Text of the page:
Canadian marine group touts environmental benefits of shipping goods by sea
The alert surfaces as Ontario finalizes details of a new system to reduce greenhouse gas emissions and as federal government negotiators plan to meet in Paris for December’s United Nations Framework Convention on Climate Change (UNFCCC) meeting.
Stephen Brooks, Chamber of Marine Commerce President, said previous Canadian and U.S. regulations resulting from global environmental initiatives may not have properly distinguished between domestic and global shipping.
“Unlike the global shipping fleet, most domestic shipping competes directly with road and rail,” Brooks said. “The more we unnecessarily burden this short-sea shipping with extra costs, the greater likelihood this freight moves to less environmentally-friendly modes. We also need to think about the negative impact of thousands, even millions of more heavy trucks on our overburdened highways and in neighborhoods where our families live, work and play.”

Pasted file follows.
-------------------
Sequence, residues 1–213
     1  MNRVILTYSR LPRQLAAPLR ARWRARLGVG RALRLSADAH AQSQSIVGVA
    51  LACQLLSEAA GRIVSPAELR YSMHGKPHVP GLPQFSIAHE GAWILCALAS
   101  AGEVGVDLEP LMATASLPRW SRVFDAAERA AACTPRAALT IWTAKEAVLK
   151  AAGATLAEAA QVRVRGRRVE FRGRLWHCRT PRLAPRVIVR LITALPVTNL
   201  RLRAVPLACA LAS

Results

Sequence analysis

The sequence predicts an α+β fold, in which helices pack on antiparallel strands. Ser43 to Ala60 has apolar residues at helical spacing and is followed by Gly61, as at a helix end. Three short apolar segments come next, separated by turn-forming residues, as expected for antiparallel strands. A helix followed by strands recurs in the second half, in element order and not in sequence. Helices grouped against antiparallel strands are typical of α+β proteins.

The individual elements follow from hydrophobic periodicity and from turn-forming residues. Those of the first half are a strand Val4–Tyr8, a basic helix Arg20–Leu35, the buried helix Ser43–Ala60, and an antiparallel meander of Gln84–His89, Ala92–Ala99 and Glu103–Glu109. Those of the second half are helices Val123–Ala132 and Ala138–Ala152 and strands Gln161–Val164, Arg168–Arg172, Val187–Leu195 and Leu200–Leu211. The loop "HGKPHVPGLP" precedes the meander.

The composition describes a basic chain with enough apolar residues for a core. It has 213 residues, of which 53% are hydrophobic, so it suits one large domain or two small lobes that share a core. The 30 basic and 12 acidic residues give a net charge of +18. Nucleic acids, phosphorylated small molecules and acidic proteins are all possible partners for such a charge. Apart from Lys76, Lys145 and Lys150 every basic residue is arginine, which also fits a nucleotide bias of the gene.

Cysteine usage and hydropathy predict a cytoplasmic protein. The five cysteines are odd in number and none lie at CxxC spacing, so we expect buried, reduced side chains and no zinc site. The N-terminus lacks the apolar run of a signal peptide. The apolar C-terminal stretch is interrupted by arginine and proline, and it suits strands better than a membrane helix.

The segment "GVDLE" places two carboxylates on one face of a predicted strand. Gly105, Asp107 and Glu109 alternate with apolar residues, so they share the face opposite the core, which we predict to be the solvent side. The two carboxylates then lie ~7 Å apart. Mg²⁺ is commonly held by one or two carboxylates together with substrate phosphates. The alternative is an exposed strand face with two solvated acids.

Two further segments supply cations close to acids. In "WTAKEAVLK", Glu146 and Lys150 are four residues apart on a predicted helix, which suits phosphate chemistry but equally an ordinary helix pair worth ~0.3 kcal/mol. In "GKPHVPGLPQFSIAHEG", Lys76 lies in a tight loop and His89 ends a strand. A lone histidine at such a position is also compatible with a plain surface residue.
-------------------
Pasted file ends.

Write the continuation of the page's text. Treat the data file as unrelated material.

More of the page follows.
Of all transport modes, ships have the lowest carbon footprint per ton-kilometer. A recent study showed that rail cars and trucks emit 19 percent and 533 percent more greenhouse gas emissions per cargo ton-kilometer, respectively, if these modes carry equal cargo loads the same distance as the maritime fleet.
“Canadian ship owners are investing over $2 billion in new Great Lakes ships and technologies that significantly further reduce fuel consumption, greenhouse gases and air emissions,"
Allister Paterson, president of Canada Steamship Lines, said.
Great Lakes-Seaway shipping supports 227,000 jobs and $35 billion in business revenues in Canada and the U.S.; contributes to North American manufacturing, mining, energy and agricultural-sector competitiveness; and provides efficient, sustainable and safe waterborne transportation vital to the success of North America’s agricultural and industrial heartland.